One idea would be to assign a relative or friend to take responsibility for your daughter during the service. That way, you can be confident that she's taken care of if you get up to speak or need to participate in the service in some way. Whether it's your partner, a close friend, or a babysitter, your daughter's designated caretaker can lead her out of the service if she begins to act up or grow restless -- and you won't have to miss out or be distracted during the event.

This isn't a time to break in a new babysitter. Your daughter may be upset or scared, so she should be with someone she's comfortable with in case you aren't available. If a number of small children will be attending the service, you may want to hire a nanny or childcare provider and set aside a room where parents can leave their children for some or all of the memorial service.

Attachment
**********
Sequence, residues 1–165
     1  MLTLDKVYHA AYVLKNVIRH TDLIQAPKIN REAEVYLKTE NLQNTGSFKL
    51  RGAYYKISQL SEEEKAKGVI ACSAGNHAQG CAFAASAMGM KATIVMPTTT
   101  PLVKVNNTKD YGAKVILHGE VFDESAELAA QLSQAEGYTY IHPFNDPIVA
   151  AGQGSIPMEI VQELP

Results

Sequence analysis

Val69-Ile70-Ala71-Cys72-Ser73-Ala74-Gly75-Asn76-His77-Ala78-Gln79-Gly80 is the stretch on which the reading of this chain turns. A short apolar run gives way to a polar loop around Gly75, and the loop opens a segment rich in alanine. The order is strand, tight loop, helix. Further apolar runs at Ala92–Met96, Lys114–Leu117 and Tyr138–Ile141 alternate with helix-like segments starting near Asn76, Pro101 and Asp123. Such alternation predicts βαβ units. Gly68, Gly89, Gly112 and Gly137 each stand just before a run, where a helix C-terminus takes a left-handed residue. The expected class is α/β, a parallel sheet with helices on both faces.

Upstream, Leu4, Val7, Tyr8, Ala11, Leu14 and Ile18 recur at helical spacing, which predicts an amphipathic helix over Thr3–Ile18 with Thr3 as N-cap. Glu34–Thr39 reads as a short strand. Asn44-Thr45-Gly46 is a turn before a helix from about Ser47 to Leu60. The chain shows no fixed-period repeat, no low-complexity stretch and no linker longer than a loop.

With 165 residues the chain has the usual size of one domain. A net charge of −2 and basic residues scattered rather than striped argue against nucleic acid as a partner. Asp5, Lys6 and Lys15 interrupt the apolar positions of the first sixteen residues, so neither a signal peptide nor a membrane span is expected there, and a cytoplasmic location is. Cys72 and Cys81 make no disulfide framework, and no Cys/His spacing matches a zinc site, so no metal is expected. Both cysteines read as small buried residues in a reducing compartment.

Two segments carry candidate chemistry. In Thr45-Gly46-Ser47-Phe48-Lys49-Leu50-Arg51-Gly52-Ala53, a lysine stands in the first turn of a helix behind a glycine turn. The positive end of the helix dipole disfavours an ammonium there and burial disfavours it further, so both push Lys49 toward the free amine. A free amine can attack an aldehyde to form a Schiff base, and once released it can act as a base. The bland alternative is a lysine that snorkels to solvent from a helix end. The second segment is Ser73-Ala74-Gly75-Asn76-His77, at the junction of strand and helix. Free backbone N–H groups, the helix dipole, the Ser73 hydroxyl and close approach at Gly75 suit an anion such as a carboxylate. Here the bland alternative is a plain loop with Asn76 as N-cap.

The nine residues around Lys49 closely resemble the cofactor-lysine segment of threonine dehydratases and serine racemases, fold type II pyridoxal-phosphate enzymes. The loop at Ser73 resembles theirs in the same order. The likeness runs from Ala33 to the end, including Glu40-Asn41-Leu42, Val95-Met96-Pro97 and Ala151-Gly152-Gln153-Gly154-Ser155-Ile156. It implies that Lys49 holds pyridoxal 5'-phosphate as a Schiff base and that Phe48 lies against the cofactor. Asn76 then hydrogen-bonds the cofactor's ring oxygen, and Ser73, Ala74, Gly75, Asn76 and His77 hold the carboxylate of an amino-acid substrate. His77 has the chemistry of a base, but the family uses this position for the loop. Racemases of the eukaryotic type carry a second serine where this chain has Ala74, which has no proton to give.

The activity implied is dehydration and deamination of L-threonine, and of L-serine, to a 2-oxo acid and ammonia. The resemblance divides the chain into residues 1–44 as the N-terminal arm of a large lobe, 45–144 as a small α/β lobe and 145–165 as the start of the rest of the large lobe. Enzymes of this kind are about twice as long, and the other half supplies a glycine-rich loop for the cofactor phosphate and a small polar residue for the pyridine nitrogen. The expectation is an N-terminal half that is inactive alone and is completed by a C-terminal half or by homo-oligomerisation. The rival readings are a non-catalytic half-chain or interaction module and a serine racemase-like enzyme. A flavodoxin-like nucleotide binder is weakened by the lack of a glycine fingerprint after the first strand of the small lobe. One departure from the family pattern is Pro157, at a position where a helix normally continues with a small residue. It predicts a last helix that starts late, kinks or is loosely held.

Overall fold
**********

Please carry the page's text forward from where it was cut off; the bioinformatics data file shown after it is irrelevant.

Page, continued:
Community Answers

Theoracle answered...

I suggest children be allowed at the wake not the funeral itself if you feel you must have them as spectators; many will only remember the dead body in the box if they are too young to comprehend the total concept.


Jade1961 answered...